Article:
Film Review: Let The Right One In (Spoilers)

A Swedish vampire movie. There. I said it. That’ll put some of you off before you even start, and to be fair the film does move on occasion at a glacial pace, and does revel in its emotional anguish and inner angst, but to concentrate only on that would be a mistake. This is a vampire movie with a heart, and one which steadfastly refuses to be pigeon holed. The parallels with Pan’s Labyrinth make sense in that we’re talking about a mythology which takes place in the lives of very young people in a very real world setting, and it’s a charming mythology. Lina Leandersson’s vampiric, permanently 12 year old Eli really likes and then loves Kåre Hedebrant’s Oskar. He is gradually privy to every aspect of her dark existence, and sees in her a future where he can stand up to the ever more violent class bullies, and even be rescued from them. That Eli’s violence increases the more the bullies’ violence increases, and Oskar becomes ever more numb to both is one of the standout aspects of the film. Because the film is shown almost entirely from his emotional point of view, we’re brought somewhere extremely uncomfortable – this otherwise anonymous 12 year old boy has no other way out, and comes not to mind the murder. He writes it off because of his feelings for Eli, and we’re encouraged to do the same.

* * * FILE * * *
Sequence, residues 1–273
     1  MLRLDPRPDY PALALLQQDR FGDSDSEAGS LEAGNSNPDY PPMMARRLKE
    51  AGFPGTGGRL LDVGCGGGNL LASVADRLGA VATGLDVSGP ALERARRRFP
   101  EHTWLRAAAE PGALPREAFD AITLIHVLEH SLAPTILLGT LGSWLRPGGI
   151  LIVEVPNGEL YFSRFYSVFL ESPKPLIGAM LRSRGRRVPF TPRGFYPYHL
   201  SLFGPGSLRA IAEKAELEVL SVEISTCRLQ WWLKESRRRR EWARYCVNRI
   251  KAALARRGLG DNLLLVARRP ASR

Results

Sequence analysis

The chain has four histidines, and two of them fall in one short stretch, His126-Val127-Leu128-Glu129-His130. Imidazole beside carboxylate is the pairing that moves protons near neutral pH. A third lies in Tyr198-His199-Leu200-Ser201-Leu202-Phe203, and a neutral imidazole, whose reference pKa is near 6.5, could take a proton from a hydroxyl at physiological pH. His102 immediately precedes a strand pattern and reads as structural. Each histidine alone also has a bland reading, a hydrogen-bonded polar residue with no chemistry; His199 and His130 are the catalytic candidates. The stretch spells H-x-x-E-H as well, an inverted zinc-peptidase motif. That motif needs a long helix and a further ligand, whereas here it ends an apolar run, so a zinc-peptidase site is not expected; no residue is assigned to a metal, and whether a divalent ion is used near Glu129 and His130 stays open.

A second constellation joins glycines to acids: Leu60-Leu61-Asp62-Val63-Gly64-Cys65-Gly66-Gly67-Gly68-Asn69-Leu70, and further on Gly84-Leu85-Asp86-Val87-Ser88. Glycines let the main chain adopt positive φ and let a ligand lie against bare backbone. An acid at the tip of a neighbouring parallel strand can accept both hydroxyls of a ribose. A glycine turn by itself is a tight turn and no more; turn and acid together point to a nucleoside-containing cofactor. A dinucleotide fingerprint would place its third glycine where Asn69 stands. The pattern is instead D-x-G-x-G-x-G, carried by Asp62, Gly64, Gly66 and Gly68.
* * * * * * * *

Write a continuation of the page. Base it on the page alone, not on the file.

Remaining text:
Much of the film is left to your imagination. What is the relationship between Eli and Håkan (Per Ragnar), her benefactor-become-serial-killer? He murders young people to supply her with blood and keep her true nature invisible from the close-knit provincial community. She however treats him like dirt – lover? Father? And when he eventually is discovered, is she grooming Oskar to take his place? It’s a film of complicated emotions and competing agendas, of longing and a vampire’s desperate need to connect with what she sees as a kindred spirit. It’s only at the end that you realise just how far she’s changed Oskar – from a lonely, bullied boy, to a child happy to kill and support a killer – director Tomas Alfredson and author/screenwriter John Ajvide Lindqvist use music, outstanding cinematography and frankly impossibly good performances, particularly by Hedebrant and Leandersson, essentially to brainwash you. That you don’t realise what they’ve done until its all over is a sign that something great was done while you weren’t looking, so drawn are you into these awkward yet sympathetic characters’ lives. If you’re expecting a traditional horror film you’ll be sorely disappointed – we never see any bats, fangs or any normal vampire movie accoutrements for that matter. This is a film about the human condition, and what it uncovers isn’t nice. At all. 8/10


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